EA Escapes The Multi-Million Dollar Fine In The Netherlands After Successful Appeal Against FIFA Ultimate Team Verdict

The company that underwrites FIFA should have withdrawn the decks from the popular football game following the 2020 ruling.



Of course, loot boxes and similar extras are not just a problem for the FIFA series: they have been at the centre of controversy for years over their nature and their proximity to gambling. They have been the subject of conflict in several countries, for example, in Australia, where there have been attempts to restrict them to games for over-18s, and in Spain, where video game companies selling them could face fines as a result of future legislation by the Ministry of Consumer Protection.


EA was threatened with a €10 million fine


One of the companies that faced such regulations was Electronic Arts for its famous FIFA Ultimate Team. In 2020, a ruling in the Netherlands meant that it faced a hefty fine for every week that passed without removing loot boxes from its games in the country. A year and a half later, the country’s highest court ruled in EA’s favour and overturned the fine.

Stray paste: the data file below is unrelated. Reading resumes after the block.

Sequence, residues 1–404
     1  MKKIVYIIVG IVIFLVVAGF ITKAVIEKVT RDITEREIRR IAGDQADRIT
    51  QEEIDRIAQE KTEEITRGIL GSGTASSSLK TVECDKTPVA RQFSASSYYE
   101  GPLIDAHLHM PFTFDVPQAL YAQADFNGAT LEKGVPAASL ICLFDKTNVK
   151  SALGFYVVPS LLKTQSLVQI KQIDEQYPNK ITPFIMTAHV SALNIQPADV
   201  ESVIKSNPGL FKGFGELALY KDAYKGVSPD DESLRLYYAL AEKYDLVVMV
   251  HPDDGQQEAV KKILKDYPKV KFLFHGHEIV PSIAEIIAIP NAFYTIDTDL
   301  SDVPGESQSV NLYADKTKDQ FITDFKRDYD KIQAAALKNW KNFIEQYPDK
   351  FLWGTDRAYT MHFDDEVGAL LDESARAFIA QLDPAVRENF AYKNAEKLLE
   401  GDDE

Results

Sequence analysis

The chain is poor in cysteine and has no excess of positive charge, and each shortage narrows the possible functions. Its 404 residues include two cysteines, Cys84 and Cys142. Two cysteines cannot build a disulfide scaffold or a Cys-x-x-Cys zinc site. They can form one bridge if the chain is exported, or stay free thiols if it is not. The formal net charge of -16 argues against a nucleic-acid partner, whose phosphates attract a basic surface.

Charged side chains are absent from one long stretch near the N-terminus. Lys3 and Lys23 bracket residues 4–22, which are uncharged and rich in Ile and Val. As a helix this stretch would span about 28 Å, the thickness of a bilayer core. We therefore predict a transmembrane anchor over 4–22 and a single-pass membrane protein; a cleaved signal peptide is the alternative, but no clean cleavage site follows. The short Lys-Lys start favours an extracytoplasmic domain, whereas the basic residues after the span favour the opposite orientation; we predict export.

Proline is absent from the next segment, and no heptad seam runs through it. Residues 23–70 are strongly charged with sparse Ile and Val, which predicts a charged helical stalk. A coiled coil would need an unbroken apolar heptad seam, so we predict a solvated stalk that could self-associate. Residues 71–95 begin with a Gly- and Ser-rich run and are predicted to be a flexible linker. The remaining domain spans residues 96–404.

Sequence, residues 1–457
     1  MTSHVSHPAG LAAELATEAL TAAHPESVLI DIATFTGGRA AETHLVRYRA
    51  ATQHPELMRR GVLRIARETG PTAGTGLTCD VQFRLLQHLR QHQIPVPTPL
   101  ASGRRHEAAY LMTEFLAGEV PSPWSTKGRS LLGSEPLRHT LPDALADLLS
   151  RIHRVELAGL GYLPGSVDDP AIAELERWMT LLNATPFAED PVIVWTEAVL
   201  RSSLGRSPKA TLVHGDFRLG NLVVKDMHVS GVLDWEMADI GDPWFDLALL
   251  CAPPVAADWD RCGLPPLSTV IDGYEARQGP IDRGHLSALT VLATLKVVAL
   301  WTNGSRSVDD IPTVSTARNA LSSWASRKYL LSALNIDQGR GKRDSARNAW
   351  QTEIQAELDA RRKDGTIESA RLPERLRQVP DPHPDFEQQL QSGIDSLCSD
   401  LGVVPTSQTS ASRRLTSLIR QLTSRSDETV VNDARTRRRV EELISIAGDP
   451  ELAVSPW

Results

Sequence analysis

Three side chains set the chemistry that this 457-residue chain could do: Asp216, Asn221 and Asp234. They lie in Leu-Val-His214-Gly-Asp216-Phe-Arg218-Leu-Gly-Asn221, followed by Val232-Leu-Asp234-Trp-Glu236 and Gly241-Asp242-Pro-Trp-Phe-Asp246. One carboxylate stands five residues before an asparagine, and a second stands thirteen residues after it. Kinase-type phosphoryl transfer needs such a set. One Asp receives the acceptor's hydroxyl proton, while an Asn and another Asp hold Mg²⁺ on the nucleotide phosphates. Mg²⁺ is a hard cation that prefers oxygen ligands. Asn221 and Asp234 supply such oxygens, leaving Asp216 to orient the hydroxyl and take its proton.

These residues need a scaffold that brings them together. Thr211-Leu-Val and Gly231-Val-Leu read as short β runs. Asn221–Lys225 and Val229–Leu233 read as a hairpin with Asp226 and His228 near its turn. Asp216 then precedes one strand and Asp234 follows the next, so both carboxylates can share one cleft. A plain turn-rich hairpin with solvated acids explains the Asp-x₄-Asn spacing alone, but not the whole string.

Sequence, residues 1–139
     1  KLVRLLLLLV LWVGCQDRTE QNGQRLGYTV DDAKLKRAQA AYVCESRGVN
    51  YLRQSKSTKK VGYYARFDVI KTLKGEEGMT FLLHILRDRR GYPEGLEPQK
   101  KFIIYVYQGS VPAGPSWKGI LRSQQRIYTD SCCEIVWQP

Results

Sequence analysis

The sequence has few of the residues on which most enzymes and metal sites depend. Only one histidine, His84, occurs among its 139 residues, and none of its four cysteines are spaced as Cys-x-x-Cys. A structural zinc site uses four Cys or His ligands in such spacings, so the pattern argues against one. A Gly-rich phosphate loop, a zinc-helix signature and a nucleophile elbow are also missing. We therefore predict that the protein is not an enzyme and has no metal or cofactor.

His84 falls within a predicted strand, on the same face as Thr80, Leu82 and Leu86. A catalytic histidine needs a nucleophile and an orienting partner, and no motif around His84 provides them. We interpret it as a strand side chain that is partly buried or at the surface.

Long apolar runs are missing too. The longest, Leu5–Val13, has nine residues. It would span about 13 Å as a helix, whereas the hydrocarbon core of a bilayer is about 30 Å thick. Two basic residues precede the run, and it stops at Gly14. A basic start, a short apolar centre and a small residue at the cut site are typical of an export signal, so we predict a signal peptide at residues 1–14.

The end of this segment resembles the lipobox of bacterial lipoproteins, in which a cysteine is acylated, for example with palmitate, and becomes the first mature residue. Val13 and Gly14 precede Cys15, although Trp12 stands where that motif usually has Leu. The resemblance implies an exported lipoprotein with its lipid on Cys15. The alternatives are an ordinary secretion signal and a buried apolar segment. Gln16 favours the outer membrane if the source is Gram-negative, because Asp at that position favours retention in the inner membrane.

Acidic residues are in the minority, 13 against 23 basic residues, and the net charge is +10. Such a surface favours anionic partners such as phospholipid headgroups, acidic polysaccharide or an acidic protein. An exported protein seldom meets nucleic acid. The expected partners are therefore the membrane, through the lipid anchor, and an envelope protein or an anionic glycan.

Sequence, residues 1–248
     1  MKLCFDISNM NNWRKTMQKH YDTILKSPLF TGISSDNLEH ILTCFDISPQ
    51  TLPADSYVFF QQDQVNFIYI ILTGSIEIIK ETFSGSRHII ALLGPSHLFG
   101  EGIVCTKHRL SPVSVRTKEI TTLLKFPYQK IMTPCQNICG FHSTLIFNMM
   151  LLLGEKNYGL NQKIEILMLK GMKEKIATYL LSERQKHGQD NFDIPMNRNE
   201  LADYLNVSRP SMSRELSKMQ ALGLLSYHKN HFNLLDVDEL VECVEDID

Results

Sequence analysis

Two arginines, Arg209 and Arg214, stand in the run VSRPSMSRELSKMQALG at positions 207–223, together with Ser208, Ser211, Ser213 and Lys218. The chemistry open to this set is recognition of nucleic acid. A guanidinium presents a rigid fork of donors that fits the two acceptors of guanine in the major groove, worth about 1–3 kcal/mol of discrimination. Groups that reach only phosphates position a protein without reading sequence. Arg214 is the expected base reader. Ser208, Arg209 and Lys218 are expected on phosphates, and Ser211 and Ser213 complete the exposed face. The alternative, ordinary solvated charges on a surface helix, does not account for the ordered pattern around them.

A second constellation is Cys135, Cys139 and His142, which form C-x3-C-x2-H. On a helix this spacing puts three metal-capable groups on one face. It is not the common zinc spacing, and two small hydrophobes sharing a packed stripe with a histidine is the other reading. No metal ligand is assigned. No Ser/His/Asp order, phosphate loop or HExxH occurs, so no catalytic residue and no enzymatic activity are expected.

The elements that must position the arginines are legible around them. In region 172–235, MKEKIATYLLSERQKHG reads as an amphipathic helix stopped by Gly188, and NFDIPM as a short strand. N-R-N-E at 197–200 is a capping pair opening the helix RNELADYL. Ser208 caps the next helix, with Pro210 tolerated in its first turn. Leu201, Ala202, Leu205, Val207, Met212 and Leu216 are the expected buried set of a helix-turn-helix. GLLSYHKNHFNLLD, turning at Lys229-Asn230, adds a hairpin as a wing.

The €10 million fine that Electronic Arts would have faced was also revoked, Polygon shared. The Administrative Jurisdiction Division reportedly ruled that buying and opening FIFA Ultimate Team card packs are not a “separate game” in itself; they are “part of a game of skill designed to add an element of luck”, the Dutch Council of State ruled.

The notice also stresses that “the envelopes are purchased and used to participate in the game.” Electronic Arts welcomed the ruling in a statement sent to Polygon, reaffirming their “belief that no aspect of FIFA or FIFA Ultimate Team can be considered gambling under Dutch law.”

The company never removed loot boxes from FIFA

“At Electronic Arts, our approach to game design focuses on choice, fun, fairness and value. Our priority has always been to provide a positive experience for our players in the Netherlands and around the world,” the company said. A court in The Hague ordered the company to remove the envelopes from its games, although EA appealed the decision and has never removed the envelopes from sale.

Loot boxes continue to be a primary target of criticism and lawsuits within the industry, with cases such as the recent lawsuit by Take-Two and loot boxes in NBA 2K, where plaintiffs are demanding at least five million dollars from the company.

Source: Polygon

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